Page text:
|Above: Scuba diver Nicola Brischigiaro poses on the flooded St Mark's Square in Venice, Italy on December 3, 2010, when the 'acqua alta' (high water) reached the highest level of the year, leaving 55 percent of the city under water. Shortly before dawn, sirens rang out across the city to warn inhabitants that the water level had risen above 1.10 meters (3.6 feet). Later in the morning, the level had risen to 1.40 meters above sea level. Sea level rise is an increasing threat to this historic city. Image credit: Marco Sabadin/AFP/Getty Images.|
Not only is sea level rising, it is rising at an increasing amount each year, found a hugely important study of global sea level published on Monday in Proceedings of the National Academy of Sciences. The paper, Climate-change–driven accelerated sea-level rise detected in the altimeter era, looked at 25 years of satellite-based global sea level measurements taken by four satellites. The researchers found that global sea levels rose by an average of 3 millimeters per year, plus or minus 0.4 mm/yr, but this rate has been accelerating by 0.084 ± 0.025 mm/y2 over the past 25 years. If this acceleration were to continue through the end of the century, global sea level rise between 2005 and 2100 would be about 26 inches (65 centimeters), which is more than double the rise of 11 inches (28 centimeters) that would occur if sea level rise stayed constant at 3 mm/yr.
|Figure 1. The change in global sea level as measured by satellites since 1993, from the University of Colorado Sea Level Research Group. The curve has been corrected for the seasonal cycle and replotted with a smoothed-fit line added by statistician Grant Foster (AKA Tamino, author of the excellent Open Mind blog). The acceleration in the curve is apparent, as it rises more steeply at the end.|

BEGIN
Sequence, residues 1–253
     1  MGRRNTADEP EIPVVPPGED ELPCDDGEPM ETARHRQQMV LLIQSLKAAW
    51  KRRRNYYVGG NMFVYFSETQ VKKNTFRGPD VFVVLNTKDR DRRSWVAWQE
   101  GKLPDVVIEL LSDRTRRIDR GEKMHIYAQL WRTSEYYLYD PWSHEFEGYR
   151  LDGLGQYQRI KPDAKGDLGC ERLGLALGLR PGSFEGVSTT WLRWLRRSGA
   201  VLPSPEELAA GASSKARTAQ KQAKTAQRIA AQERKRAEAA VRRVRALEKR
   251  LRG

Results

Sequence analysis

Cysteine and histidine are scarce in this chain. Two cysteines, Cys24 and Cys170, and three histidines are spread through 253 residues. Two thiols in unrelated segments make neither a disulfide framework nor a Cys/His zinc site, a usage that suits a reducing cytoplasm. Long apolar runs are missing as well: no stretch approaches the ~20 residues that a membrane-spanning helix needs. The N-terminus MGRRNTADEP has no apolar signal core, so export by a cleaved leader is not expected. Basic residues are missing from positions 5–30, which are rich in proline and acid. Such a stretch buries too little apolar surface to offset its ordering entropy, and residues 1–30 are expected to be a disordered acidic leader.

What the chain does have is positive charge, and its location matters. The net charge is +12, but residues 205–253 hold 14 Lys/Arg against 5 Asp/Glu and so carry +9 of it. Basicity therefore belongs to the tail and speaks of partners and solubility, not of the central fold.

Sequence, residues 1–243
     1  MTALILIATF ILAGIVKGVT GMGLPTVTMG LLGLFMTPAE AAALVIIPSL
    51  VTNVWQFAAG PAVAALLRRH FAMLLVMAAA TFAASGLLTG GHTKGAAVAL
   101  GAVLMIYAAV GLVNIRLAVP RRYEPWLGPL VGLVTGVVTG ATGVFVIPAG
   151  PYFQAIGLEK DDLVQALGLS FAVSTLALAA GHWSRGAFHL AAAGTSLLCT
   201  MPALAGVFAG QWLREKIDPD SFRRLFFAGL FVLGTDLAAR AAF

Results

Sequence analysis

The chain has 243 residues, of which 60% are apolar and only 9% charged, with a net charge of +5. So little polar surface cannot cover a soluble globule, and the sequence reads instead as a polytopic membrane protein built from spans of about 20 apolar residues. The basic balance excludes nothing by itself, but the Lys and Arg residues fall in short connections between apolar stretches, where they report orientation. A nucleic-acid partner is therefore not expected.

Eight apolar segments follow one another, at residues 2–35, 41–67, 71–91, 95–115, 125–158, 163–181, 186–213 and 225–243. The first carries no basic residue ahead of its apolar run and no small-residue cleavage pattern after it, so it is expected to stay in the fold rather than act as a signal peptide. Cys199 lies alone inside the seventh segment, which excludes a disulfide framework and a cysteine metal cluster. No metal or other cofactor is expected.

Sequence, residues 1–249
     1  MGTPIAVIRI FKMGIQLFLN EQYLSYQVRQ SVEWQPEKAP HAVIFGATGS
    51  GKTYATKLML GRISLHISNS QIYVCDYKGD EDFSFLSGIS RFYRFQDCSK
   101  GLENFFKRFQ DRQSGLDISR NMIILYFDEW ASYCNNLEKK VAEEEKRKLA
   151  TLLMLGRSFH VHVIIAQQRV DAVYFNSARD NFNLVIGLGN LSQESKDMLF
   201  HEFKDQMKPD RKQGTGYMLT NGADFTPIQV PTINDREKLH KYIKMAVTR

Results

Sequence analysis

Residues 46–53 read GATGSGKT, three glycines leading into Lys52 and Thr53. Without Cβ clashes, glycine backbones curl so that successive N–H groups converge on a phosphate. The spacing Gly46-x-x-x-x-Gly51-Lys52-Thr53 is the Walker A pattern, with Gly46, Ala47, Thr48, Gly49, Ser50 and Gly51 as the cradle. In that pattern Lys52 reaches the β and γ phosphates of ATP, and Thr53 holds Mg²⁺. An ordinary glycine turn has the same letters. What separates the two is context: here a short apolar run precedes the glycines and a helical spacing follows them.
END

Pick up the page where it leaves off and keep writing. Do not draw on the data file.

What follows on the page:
|Figure 2. The variation in the rate of sea level rise from 1993 – 2017 (thick red line, with error bars shown in thinner lines), as computed from data from the University of Colorado Sea Level Research Group by statistician Grant Foster in his Open Mind blog. He finds that the average rate is 3.1 mm/y, but the present rate is closer to 4.8 mm/y. His estimates are based on the raw data, and do not remove the estimated influence of the natural El Niño/La Niña and Pacific Decadal Oscillation (PDO) cycles, or effect of the Mt. Pinatubo volcanic eruption in 1991. The leveling off of the curve at the end is due to the 2015/2016 El Niño event; if that influence were to be removed, sea level rise would be seen to still be accelerating.|
There are many corrections that must be made to the 25-year period of the data in order to precisely determine global sea level acceleration. In particular, potential drifts in the instruments over time must be accounted for, as well as changes in water storage on land due to the natural El Niño and La Niña cycle, ice sheet mass loss that might masquerade as a long-term acceleration over a 25-year record, and episodic variability driven by large volcanic eruptions. After correcting for all these factors, the researchers concluded that the probability that the acceleration in sea level rise is zero was less than 1%.
Future sea level rise likely to be higher
The scientists commented that their estimate might represent a conservative lower bound on future sea level change, since rapid changes in the stability of the Greenland and Antarctic ice sheets could be expected to cause higher accelerations of sea level rise in the future. They added: “In contrast, few potential processes exist to suggest that this estimate is too high.”